Microsoft has updated its Xim mobile photo-sharing app to support living room set-top boxes like the Xbox One, Chromecast, Apple TV, and Amazon Fire TV. Previously, you could use the app—it's available now for Windows Phone, Android and iPhone—to share photos with other smart phone handsets only.
As I noted previously in Microsoft Xim: A New Way to Share Photos on Your Smart Phone, this app is a pretty cool idea. (It was only available on Windows Phone and Android when it first shipped in October.) Instead of forcing you to hand around your phone to share photos with others while socialize, you can use this app to blast a synchronized slideshow to others' phones. You invite them using a text message or email.
That's really cool, but the new version of the app extends the sharing to popular living room set-top boxes. So if you're visiting with friends or family, you can share your photos (semi) seamlessly on their HDTV. (The only issue is that some boxes require you to download and install a Xim app.)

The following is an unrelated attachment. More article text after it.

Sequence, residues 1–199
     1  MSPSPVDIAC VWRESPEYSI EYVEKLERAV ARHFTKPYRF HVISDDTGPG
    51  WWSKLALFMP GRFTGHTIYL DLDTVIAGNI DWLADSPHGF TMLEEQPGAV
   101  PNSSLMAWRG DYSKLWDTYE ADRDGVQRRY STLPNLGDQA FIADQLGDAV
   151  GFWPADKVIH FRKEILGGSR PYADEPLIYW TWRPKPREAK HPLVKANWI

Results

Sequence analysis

Sharing with Xim to a set-top boxes works like sharing from phone-to-phone. The only difference is that once you've selected which photos to share (and you can choose between sources like your phone's camera roll, OneDrive, Dropbox, Facebook and Instagram), you tap a new Display button in the top-right of your screen instead of (or in addition to) selecting people from your contacts list.
Then, you select which display to use.
Then, as Microsoft puts it, you just "start the Xim." (I guess this is akin to "making a sway" with Sway.)
What's neat is that you can display to the HDTV (via set-top box) and to multiple smart phones simultaneously. So it works as it did before, but with the added bonus of putting the big screen in the mix too.
"[You can] add friends and family to the Xim so they can drive the show or add photos too for a lively and fun living room experience, phone to phone, phone to living room or living room to living room, and all without having to worry about your friend's Wi-Fi password, or what hardware Uncle Lars has, or whether Cousin Shahin has the app installed," a post to the Microsoft Fuse Labs blog notes.
What a neat idea.
And check out this video showing how it works with Xbox One.